blueollie

The assumption behind the saying “no one should have to bury a child”

Facebook has been like the “neighborhood bar” to me; that is where I do a lot of my informal chatting. And, best of all, there is no cigarette smoke! 🙂

Every so often one sees a genuinely sad post about a kid dying; it is often followed by the statement “no one should have to bury their child.”

Think about the unstated assumption there: it is assumed that the parent will die before the kid dies. That may be a reasonable assumption in OUR society in THIS day and age, but it wasn’t always so. Check out the child mortality tables for early 19’th century America. The child mortality rate (dying before 10 years of age) in some cities was over 40 percent and in many other places, darned close to 40 percent.

In short, it used to be COMMON to bury your kid.

What changed that? Yep…science….eradicating diseases, learning about germs and infection, better sanitation and nutrition.

January 10, 2013 Posted by | science | , | Leave a comment

Taking a break from Nested Tori

Right now, I am studying the properties of simple closed curves that are the result of an intersection of an infinite collection of nested solid tori (each having order 1 inside the next one).

Humor (sort of)
Yes, I tried to see it your way:
stillanidiot
(I saw this on the wall of a running friend who probably thinks that this applies to me. 🙂 )

Religion As a young kid, one of my aunts used to tell us stories. One of them was the story of the Noah flood. I was horrified that a “loving God” would do such a thing to so many people:

noahgenocide

When I got older, I was repulsed by the atrocities (especially those recounted in Joshua). Then I started to read the commentaries (“oh, there is no evidence that this really happened; archaeology shows a more gradual settling…”). But from my late teenage years on, I began to see the Sky-god of the Jewish Bible (Old Testament) as really some sort of tribal deity of a very backwards, primitive people (in terms of what they knew of science, the universe, etc.).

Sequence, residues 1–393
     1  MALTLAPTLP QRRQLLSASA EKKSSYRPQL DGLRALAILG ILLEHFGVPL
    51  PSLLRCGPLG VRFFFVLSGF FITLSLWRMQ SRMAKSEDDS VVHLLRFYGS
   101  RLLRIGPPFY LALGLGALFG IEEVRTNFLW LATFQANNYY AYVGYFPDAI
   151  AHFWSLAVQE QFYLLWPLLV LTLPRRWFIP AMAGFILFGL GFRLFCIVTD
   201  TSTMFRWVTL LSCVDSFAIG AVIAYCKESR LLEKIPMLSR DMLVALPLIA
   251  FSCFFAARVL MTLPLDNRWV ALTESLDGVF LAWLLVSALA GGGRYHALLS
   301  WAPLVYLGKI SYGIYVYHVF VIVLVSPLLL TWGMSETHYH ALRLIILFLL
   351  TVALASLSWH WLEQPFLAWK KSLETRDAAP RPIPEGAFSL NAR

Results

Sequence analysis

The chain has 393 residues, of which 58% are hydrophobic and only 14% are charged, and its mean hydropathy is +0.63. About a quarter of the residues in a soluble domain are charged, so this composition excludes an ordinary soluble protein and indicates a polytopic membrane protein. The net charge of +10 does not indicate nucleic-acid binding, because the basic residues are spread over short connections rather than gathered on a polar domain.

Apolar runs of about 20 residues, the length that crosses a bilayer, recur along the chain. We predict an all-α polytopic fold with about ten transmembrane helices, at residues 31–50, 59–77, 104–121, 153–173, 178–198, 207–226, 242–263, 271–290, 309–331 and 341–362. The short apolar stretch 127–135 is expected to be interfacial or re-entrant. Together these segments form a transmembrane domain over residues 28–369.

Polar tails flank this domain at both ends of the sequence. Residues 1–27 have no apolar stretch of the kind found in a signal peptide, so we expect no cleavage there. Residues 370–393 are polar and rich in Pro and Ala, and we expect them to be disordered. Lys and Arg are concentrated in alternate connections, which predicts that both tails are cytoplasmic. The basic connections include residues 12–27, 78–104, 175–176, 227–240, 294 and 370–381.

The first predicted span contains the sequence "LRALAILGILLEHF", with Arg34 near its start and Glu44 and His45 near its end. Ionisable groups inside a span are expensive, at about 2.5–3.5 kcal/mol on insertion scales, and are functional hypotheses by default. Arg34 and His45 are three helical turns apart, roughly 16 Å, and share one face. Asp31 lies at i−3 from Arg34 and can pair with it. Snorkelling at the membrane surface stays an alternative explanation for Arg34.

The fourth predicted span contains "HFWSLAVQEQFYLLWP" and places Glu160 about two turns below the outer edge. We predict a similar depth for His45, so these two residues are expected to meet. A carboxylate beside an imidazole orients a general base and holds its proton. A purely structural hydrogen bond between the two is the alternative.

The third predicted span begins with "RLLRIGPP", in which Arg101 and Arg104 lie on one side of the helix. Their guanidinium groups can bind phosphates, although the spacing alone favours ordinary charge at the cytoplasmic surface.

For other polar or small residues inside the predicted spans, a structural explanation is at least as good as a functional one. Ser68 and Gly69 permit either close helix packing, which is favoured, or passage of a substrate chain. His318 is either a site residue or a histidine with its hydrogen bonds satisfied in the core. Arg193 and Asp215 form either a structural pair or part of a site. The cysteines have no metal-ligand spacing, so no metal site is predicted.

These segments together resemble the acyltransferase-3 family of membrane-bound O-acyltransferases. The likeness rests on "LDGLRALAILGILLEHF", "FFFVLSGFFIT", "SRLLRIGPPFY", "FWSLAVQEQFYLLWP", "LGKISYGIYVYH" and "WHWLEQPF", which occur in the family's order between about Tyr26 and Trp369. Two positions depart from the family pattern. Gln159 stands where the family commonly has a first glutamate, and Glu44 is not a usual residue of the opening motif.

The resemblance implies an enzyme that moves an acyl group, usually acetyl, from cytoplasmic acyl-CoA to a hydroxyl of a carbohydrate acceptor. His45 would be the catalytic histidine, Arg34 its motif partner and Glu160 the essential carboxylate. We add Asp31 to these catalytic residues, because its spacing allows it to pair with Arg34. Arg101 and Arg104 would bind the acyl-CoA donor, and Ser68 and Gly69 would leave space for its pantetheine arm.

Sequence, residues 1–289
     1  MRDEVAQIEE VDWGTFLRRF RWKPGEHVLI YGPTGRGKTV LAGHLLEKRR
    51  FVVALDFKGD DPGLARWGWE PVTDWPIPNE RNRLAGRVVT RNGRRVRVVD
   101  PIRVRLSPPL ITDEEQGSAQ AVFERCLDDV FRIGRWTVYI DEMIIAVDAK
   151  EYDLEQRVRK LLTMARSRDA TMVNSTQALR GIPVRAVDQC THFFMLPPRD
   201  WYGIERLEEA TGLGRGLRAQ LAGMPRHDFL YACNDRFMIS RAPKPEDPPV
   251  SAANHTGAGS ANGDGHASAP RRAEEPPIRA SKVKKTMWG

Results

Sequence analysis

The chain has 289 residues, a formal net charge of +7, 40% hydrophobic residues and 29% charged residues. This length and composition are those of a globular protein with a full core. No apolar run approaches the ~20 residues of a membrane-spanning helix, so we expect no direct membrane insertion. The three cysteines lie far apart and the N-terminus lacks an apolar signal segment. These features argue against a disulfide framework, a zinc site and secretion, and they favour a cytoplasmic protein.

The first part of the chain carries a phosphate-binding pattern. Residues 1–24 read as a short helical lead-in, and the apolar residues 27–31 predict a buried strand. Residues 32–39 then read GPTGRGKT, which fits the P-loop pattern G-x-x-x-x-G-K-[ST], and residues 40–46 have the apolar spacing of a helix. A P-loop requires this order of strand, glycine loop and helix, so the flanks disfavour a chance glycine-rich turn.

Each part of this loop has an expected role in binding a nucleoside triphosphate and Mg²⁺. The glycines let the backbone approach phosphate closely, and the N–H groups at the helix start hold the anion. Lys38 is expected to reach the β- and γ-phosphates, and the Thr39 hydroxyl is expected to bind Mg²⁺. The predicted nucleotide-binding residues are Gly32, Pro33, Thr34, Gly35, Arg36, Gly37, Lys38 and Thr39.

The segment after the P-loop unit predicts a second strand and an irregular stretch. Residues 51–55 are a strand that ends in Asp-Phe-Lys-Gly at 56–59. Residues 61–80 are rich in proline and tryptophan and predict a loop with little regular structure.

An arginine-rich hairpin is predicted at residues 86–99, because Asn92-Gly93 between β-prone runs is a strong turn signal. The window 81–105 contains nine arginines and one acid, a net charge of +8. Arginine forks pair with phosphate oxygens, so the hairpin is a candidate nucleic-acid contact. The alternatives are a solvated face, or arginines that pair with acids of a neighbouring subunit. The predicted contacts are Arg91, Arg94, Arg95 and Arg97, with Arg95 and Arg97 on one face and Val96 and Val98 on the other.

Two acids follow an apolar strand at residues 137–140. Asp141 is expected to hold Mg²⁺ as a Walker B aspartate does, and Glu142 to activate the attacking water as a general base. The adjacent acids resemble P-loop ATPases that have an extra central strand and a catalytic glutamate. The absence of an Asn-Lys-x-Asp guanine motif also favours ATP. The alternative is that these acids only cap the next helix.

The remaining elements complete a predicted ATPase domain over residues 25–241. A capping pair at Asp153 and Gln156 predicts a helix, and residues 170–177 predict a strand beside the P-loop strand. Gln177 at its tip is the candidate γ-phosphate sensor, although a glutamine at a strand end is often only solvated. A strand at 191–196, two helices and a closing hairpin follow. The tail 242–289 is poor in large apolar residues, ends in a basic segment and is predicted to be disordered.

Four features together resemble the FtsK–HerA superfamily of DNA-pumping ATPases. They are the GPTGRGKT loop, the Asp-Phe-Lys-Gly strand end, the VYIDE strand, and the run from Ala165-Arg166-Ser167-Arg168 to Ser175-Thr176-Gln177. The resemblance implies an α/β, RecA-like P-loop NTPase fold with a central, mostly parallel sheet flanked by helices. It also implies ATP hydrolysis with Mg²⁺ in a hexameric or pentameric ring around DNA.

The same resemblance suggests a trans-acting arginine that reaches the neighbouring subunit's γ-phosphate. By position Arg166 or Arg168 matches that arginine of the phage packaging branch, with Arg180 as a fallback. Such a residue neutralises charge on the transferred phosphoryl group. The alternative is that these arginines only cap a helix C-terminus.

Hmmmm Posts
If you are an obese woman on trial by jury, exclude slender men from the jury. 🙂

This month a team of Yale psychologists released a study indicating that male jurors—but not female jurors—were more likely to hand a guilty verdict to obese women than to slender women. The researchers corralled a group of 471 pretend peers of varying body sizes and described to them a case of check fraud. They also presented them with one of four images—either a large guy, a lean guy, a large woman, or a lean woman—and identified the person in the photograph as the defendant. Participants rated the pretend-defendant’s guilt on a five-point scale. No fat bias emerged when the female pretend peers evaluated the female pretend defendants or when either men or women assessed the guilt of the men. But when the male pretend peers pronounced judgment on the female pretend defendants, BMI prejudice reared up. Jesus wept. The justice system and our basic faith in male decency took another hit.

The study offers further depressing insights. Not only did the male pretend jurors prove “significantly more likely” to find the obese female defendants—rather than the slim ones—guilty, but the trim male participants were worst of all, frequently labeling the fat women “repeat offenders” with “awareness” of their crimes. And because the effect disappeared when the photographs depicted a man, the hypothesis that subjects were simply layering class-based assumptions—such as “poor people are more often overweight” and “poor people commit more crime”—on top of one another falls a bit short. (On the other hand, as one of the researchers, Dr. Natasha Schvey, explained to me over the phone, fat women are more likely to be perceived as coming from lower socioeconomic backgrounds than fat men. Somehow I don’t find that consoling.) […]

Colbert: takes on the gun lobby, and those who claim “discrimination against the appearance of certain guns”.

Economy
Karl Rove lies about President Obama’s jobs record: he compares employment as of December 2008 (when his boss was still in office) and December 2012; he doesn’t mention that the economy was still shedding 800,000 jobs a month by the time President Obama took office.